Hummus is central to a few cultures around the world (Turkish, Lebanese, Syrian, Egyptian, and Israeli to name a few). Its history actually stems from Egypt, with a close recipe mentioned in a 13th-century Egyptian cookbook, “Hummus kasa”, and used vinegar but no lemon or garlic. There was also a similar recipe mentioned in a Syrian Medieval cookbook (also 13th century) that has pureed chickpeas and lemons.

Neither of these two recipes would taste anything close to what we call Hummus today as they don’t have all of the four ingredients that give hummus its hallmark flavour: chickpeas, tahini, garlic and lemon. The first written record of modern Hummus comes from 18th century Damascus, in what is now Syria. Obviously, this is just the written record. There is no doubt that Hummus was being prepared in homes before this.

In our house, Hummus is a staple. It is so easy and having it in the fridge, makes healthy snacks a breeze, and they can zhoosh up any salad-based meal. I am yet to meet a person that doesn't love Hummus in one of its various forms. This recipe is for a basic Hummus, but the beauty of this recipe is you can add anything you want and cater it to just how you like it.

A few tips

Soak your garlic in your lemon juice for a few minutes before you add it to the mix. It really takes the bite out of the garlic, but still gives you that delicious garlicky flavour.

Try and peel (at least most of) your chickpeas a bit before you add them to the food processor. The easiest way is to put them straight into a bowl of cold water after cooking and rub your hands through them. The skins will float to the top. Pour the water slowly into a strainer, and do it again a few times. Peeled chickpeas give you the smoothest hummus.

Use super cold water when to mix into your hommus. It makes it SOOO fluffy.

If you want to keep it local, check out our sunflower tahini recipe

Great Variations to try:

• Mix in some olive paste

• blend in some cooked beetroot

• top with your favourite tomato chutney (it works!)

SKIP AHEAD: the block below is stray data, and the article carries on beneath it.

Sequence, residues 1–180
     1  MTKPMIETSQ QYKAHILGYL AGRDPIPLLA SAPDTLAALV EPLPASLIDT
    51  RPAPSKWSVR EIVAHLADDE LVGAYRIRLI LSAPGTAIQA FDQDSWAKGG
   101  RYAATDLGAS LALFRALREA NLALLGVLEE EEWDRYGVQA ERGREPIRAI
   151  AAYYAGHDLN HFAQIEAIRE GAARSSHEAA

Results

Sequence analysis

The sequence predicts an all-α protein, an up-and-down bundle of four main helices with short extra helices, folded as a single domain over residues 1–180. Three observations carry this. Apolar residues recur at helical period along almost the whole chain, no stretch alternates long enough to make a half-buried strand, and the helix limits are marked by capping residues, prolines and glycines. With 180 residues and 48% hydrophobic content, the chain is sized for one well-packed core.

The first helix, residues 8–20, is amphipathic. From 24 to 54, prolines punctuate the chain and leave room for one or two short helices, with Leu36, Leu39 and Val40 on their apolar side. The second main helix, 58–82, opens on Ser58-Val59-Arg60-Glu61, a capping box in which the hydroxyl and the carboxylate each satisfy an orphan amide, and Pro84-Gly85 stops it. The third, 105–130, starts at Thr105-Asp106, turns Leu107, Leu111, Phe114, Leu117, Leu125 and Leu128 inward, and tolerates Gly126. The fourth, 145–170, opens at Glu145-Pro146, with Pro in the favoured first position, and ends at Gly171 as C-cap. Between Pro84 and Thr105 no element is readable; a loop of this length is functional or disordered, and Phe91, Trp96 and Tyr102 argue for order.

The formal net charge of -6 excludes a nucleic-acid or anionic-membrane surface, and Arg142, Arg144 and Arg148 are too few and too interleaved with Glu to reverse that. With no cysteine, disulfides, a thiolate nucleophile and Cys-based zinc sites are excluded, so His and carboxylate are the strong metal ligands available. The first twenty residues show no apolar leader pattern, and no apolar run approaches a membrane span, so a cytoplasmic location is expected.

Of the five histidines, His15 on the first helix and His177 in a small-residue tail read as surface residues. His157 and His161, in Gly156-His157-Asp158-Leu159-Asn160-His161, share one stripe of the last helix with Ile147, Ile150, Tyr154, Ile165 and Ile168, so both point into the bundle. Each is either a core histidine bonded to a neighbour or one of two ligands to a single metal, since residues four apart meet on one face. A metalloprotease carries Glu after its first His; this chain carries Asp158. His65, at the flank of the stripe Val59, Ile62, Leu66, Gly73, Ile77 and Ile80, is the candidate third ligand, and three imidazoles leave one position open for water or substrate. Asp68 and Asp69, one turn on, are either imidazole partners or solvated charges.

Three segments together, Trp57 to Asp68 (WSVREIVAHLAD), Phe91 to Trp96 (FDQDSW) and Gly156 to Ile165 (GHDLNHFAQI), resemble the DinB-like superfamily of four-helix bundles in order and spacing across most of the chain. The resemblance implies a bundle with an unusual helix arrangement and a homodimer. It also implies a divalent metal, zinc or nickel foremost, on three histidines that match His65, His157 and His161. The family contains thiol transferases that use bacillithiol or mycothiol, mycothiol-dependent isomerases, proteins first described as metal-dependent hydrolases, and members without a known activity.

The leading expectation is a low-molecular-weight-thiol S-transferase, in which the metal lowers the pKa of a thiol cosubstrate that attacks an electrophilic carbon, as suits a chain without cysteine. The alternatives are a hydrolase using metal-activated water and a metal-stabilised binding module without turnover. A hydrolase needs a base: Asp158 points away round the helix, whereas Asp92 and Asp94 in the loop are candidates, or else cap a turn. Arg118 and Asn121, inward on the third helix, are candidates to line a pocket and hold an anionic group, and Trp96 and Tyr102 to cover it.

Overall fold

2 cups cooked white chickpeas

½ cup tahini (we use our sunflower tahini, if you want to keep it local)

¼  cup fresh lemon juice

1 clove Russian garlic grated (or 3 cloves of red garlic)

½ teaspoon cumin

¼ cup olive oil

2 -4 tablespoons ice water

Salt to taste

For garnish

a sprinkle of smoked paprika, sweet paprika or sumac

a drizzle of olive oil

• Cook your soaked chickpeas in a saucepan or pressure cooker. (at least 30 mins in the saucepan or 10 mins under pressure in the pressure cooker).

****You really want to get these chickpeas mushy. Err on the overcooked side

• While you are cooking the chickpeas soak your garlic in the lemon juice to take away a bit of the bite.

• Once cooked, place your cooked chickpeas (ideally roughly shelled) in the food processor or blender and blend until smooth.

• Add the lemon juice, garlic and tahini and blend again, making sure to keep pushing the mixture down from the side of the bowl.

• Add cumin and salt and keep mixing.

• While blending, add a couple of tablespoons of the ice-cold water until the mixture is ultra-smooth, pale and creamy. (If your tahini was extra-thick, you might need to add 1 to 2 tablespoons more ice water.)

• Start to drizzle in the oil while blending to get that nice fluffy hummus we all love

Top with paprika or sumac and a drizzle with olive oil and serve.